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Both MOPAC and the MPS undertake a significant amount of stakeholder engagement with London’s Disabled communities, and their representatives, to ensure their voice is heard in terms of the police response and how we support those subjected to Disability hate crime.
Inclusion London, the umbrella organisation for London’s many Deaf and Disabled People’s Organisations (DDPOs) attends the MPS Hate Crime Diamond Group and the London Hate Crime Prevention Board, chaired by Clare Waxman. DDPOs have the opportunity to directly input into how officers and frontline staff are trained to respond to disability hate crime reports and ensure those reporting receive the response that meets their needs. The imminent roll out of the MPS Hate Crime Risk Assessment form, to be used when responding to all hate crime reports, will help embed that improved response.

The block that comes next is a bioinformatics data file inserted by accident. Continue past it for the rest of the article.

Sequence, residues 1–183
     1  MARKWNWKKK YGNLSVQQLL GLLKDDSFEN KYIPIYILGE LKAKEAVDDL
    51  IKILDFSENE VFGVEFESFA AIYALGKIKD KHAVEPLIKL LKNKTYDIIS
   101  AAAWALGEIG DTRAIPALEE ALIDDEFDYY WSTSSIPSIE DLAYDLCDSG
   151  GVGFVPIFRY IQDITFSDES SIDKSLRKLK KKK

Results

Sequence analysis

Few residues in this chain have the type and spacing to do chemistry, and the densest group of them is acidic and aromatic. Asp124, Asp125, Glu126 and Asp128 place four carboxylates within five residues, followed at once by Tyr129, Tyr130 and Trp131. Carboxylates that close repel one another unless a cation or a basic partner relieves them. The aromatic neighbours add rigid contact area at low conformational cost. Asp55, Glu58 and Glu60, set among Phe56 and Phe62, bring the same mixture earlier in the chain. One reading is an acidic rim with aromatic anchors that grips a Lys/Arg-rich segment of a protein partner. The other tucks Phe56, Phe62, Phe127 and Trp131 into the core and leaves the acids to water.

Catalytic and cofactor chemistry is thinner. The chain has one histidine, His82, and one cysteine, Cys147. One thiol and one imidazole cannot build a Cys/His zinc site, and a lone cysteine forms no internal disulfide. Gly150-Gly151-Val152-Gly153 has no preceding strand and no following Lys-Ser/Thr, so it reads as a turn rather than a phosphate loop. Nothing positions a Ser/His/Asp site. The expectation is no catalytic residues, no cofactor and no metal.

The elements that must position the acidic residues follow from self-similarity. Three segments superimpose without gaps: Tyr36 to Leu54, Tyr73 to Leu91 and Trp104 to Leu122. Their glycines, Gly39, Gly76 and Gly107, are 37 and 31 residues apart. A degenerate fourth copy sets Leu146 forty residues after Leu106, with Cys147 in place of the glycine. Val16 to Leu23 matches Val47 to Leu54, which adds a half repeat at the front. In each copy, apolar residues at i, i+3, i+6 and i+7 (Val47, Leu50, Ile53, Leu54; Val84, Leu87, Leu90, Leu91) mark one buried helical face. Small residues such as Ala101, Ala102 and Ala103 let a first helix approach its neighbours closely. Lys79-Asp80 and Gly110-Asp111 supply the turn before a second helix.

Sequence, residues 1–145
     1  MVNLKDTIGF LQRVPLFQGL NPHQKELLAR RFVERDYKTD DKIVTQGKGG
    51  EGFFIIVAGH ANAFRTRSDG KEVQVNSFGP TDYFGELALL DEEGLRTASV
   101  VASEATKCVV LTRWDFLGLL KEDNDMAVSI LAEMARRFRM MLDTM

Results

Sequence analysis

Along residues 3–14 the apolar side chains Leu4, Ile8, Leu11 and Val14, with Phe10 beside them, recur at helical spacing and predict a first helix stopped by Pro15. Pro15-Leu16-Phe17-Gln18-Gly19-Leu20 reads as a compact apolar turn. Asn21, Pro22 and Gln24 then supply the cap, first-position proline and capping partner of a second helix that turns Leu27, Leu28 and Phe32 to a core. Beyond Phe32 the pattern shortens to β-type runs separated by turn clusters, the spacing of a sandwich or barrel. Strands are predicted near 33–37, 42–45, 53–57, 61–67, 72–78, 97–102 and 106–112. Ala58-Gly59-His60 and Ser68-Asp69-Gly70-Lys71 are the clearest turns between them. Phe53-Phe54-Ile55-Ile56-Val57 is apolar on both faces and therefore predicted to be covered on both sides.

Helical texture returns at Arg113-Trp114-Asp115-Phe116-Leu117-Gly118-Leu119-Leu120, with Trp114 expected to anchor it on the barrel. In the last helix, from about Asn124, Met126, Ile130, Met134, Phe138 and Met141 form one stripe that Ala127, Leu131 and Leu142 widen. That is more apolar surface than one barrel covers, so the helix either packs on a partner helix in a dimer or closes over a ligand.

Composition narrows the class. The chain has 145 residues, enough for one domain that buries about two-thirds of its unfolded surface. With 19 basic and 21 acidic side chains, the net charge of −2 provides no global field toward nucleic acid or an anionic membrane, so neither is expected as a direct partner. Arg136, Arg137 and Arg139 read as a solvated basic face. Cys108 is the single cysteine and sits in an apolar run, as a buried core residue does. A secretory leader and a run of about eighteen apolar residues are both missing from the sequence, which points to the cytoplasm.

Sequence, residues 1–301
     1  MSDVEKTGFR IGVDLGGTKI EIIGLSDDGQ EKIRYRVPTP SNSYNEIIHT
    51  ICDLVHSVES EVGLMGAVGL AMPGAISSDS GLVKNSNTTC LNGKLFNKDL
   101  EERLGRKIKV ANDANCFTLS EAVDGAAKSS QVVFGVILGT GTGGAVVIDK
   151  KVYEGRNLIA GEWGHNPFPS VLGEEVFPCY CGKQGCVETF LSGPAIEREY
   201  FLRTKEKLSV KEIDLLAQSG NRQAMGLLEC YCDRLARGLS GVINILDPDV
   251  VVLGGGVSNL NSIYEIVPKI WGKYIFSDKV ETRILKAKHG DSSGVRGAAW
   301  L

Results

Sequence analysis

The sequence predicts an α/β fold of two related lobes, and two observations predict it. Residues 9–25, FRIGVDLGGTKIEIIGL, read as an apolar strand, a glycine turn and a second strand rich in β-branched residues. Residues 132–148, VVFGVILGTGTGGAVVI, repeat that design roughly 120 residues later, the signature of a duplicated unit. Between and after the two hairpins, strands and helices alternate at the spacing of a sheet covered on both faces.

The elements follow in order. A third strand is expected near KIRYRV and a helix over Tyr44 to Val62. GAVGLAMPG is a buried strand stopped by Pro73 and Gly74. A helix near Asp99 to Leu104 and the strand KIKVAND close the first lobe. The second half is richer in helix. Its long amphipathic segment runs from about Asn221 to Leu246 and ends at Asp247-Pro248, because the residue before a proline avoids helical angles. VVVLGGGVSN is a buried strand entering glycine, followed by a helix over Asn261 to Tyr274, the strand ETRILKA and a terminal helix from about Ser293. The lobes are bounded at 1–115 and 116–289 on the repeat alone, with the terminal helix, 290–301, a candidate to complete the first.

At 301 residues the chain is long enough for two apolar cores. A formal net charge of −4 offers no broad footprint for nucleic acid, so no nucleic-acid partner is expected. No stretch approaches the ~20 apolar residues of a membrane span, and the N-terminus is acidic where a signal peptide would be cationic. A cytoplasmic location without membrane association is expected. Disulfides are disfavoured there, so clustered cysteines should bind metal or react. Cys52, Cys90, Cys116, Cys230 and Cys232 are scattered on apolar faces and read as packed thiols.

As well as engaging with local disabled community partners, the MPS is working with its own Disability Staff Association and the Business Disability Association to raise awareness of disability issues, including hate crime, in order to provide a more informed service, particularly in relation to non-visible disabilities.
DDPOs are also partners in London Victim and Witness Service and the CATCH consortium which provides specialist advocacy services for victims of hate crime. I have doubled the funding for this service this year, enabling it to support up to 900 victims of hate crime.